Periodontal disease is diagnosed by your dentist or dental hygienist during a periodontal
examination. This type of exam should always be part of your regular dental check-up.
A periodontal probe (small dental instrument) is gently used to measure the sulcus (pocket or
space) between the tooth and the gums. The depth of a healthy sulcus measures three millimeters or less and
does not bleed. The periodontal probe helps indicate if pockets are deeper than three millimeters. As
periodontal disease progresses, the pockets usually get deeper.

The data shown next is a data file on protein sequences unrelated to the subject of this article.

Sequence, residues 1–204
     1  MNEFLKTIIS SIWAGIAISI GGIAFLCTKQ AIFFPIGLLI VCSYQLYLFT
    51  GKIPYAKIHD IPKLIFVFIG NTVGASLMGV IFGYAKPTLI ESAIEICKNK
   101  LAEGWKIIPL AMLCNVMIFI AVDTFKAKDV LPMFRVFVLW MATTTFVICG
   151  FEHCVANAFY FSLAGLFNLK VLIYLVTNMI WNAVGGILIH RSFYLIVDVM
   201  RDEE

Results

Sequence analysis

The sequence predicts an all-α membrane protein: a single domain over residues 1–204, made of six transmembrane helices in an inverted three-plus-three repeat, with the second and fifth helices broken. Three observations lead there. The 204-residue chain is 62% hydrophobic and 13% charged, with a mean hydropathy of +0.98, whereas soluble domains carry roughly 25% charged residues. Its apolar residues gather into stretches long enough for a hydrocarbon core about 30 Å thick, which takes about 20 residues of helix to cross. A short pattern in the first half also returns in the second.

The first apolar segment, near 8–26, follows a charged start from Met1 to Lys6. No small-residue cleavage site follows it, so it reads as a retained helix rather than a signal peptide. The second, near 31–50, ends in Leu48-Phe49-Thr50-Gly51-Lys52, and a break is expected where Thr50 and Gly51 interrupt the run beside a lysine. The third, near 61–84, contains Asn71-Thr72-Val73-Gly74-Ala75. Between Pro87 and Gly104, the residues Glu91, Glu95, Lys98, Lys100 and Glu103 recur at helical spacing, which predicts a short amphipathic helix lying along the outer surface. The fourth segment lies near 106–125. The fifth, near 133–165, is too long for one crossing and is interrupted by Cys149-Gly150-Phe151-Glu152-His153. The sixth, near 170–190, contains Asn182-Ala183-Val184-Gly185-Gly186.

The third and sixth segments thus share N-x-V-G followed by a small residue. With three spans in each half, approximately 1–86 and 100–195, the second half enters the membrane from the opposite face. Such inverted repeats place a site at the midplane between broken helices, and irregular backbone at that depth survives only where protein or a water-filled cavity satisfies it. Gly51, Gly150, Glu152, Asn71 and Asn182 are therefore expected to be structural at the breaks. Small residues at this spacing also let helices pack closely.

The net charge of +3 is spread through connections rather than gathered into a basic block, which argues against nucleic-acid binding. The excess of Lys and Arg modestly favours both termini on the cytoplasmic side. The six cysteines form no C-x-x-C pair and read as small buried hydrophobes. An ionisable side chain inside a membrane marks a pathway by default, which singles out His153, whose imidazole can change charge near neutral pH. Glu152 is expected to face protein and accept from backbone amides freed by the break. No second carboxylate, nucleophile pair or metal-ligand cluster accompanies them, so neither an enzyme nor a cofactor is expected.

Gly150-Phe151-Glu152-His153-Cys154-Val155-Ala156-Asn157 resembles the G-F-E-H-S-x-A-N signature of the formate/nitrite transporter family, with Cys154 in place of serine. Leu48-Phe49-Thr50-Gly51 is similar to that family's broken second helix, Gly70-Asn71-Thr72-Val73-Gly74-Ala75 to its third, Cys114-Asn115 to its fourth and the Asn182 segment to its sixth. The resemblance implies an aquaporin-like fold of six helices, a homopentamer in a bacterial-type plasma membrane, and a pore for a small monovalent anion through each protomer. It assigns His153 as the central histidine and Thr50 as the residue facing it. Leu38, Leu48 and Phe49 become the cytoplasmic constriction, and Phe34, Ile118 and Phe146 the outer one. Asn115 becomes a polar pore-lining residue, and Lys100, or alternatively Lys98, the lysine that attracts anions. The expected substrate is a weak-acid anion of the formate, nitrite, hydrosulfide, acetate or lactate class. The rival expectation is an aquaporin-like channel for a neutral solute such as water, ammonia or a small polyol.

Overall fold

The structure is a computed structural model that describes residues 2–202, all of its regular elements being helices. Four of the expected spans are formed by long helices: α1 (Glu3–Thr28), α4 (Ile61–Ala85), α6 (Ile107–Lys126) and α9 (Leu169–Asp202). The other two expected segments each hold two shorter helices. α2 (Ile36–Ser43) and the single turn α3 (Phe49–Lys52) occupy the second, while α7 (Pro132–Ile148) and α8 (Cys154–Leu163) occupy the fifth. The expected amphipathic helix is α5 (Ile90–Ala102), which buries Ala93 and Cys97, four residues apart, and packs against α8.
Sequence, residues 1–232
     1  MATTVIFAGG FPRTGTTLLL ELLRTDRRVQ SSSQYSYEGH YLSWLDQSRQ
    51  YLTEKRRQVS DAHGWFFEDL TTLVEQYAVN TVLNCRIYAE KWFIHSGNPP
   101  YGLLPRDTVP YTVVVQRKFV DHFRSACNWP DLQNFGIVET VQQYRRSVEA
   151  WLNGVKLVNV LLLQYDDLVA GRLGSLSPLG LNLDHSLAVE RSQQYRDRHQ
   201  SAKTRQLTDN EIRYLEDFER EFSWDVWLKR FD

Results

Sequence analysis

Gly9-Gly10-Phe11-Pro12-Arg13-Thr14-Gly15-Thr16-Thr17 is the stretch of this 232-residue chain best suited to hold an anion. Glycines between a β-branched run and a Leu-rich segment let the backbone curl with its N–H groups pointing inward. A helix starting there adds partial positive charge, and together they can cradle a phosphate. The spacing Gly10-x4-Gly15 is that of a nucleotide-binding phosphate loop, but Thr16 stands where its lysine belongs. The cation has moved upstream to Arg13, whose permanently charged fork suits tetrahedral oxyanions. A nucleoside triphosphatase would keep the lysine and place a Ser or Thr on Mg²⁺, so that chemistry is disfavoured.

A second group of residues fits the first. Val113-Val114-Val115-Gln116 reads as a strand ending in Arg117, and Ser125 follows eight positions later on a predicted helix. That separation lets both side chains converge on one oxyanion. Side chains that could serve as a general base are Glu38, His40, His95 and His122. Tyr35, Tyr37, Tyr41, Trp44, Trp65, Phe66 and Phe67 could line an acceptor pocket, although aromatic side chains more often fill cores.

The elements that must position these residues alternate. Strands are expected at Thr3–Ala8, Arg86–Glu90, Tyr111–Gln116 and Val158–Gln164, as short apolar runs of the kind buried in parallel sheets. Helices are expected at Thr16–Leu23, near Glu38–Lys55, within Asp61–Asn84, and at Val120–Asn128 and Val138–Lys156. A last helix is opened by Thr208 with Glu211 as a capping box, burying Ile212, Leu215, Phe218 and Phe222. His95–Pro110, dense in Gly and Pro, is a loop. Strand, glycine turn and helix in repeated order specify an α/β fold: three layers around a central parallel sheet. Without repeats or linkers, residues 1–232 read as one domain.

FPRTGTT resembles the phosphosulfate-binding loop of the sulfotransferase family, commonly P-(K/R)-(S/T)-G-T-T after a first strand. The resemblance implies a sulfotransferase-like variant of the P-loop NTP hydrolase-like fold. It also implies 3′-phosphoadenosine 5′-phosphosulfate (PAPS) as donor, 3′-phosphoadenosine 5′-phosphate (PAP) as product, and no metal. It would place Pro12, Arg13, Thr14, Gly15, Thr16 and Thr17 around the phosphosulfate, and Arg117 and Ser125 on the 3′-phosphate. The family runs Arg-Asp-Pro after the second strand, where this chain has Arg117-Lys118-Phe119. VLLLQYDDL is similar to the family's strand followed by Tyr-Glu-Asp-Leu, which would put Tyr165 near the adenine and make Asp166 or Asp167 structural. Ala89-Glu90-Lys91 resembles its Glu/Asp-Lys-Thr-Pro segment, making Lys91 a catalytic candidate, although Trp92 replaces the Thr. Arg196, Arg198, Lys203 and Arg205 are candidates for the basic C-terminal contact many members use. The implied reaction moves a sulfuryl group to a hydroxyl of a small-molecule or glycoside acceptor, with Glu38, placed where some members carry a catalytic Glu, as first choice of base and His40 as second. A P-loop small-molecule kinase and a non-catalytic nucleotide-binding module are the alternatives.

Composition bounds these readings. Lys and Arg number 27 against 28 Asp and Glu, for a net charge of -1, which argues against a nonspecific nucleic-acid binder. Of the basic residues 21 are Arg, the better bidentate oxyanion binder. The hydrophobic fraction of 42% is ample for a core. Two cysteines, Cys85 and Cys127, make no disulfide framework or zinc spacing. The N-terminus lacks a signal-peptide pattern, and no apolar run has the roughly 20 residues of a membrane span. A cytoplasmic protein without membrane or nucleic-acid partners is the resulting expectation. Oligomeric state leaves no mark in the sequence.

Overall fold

Your dentist or hygienist will use pocket depths, amount of bleeding, inflammation, tooth
mobility, etc., to make a diagnosis that will fall into a category below:
Gingivitis is the first stage of periodontal disease. Plaque and its toxin by-products
irritate the gums, making them tender, inflamed, and likely to bleed.
Plaque hardens into calculus (tartar). As calculus and plaque continue to build up, the
gums begin to recede from the teeth. Deeper pockets form between the gums and teeth and become filled with
bacteria and pus. The gums become very irritated, inflamed, and bleed easily. Slight to moderate bone
loss may be present.
The teeth lose more support as the gums, bone, and periodontal ligament continue to be
destroyed. Unless treated, the affected teeth will become very loose and may be lost. Generalized
moderate to severe bone loss may be present.